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Associations between illness perceptions, word recognition, and perceived sound quality in cochlear implant users.

OBJECTIVE: Illness perceptions refer to thoughts and ideas an individual has about an illness. The aim was to understand how cochlear implant (CI) users' illness perceptions, in addition to their monosyllabic word recognition abilities, are associated with their self-perceived sound quality.

DESIGN: Data were collected during routine CI check-up appointments. Participants completed the Brief Illness Perception Questionnaire (assessing their illness perceptions) and the Hearing Implant Sound Quality Index (assessing their subjective sound quality). Additionally, monosyllabic word recognition abilities were measured with the Freiburg Monosyllable Word Test. Hierarchical regression analysis were utilised to model users' sound quality ratings. Participants' age was entered first as a control variable. In the next step, monosyllabic word recognition was entered. Finally, participants' illness perceptions were entered.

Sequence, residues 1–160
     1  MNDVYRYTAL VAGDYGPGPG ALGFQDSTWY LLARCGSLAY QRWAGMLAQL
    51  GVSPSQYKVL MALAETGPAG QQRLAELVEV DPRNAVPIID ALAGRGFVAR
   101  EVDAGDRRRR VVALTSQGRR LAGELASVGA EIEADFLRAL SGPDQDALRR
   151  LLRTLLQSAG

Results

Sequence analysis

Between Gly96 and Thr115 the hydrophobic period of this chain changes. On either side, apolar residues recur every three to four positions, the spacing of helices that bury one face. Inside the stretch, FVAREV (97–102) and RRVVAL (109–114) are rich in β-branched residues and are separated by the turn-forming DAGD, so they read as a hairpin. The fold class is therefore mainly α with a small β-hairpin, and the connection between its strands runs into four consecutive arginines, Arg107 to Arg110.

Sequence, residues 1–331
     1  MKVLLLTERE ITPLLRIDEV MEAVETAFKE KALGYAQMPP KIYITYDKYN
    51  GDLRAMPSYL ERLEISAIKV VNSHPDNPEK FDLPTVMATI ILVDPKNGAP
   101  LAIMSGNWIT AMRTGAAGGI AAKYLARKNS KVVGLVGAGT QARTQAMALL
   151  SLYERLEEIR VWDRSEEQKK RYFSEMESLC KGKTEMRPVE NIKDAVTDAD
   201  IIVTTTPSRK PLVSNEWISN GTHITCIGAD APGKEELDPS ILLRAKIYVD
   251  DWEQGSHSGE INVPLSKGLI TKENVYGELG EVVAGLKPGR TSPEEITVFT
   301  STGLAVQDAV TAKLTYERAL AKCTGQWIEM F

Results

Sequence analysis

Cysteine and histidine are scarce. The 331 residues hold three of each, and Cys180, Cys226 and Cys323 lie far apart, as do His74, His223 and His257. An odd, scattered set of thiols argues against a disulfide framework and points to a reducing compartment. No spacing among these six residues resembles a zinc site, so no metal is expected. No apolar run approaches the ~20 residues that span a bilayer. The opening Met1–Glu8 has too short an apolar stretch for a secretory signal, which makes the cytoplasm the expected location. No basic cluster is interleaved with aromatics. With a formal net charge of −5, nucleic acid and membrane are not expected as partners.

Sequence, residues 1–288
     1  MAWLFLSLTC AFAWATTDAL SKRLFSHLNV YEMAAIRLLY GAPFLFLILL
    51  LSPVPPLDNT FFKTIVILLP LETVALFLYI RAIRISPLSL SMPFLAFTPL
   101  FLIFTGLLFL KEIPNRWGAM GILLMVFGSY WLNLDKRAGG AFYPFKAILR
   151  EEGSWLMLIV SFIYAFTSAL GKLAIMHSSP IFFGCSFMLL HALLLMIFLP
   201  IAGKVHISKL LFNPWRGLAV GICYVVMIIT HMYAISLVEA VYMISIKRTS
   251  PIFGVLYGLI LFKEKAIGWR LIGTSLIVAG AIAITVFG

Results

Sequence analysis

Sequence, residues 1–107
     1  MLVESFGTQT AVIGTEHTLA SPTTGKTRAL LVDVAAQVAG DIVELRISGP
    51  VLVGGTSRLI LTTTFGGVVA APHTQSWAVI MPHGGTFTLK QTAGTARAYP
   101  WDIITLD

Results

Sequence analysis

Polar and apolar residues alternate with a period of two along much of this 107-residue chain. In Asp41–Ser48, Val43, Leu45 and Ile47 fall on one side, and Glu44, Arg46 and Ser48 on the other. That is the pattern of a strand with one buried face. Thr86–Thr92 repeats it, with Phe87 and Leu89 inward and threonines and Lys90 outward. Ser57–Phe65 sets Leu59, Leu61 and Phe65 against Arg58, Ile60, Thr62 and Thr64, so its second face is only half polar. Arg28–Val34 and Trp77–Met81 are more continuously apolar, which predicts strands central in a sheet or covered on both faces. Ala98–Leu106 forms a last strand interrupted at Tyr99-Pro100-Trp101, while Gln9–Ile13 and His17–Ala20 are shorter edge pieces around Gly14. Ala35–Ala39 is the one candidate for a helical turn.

STUDY SAMPLE: Fifty-five participants with unilateral CI provision.

RESULTS: Monosyllabic word recognition was significant in the second step. When illness perceptions and monosyllabic word recognition were both included in the third step, illness perceptions, but not monosyllabic word recognition, were significant. The model explained 22% of the variance of subjective sound quality.

CONCLUSIONS: Monosyllabic word recognition abilities and illness perceptions of CI users are important for their self-reported sound quality, but illness perceptions appear to be potentially more relevant.

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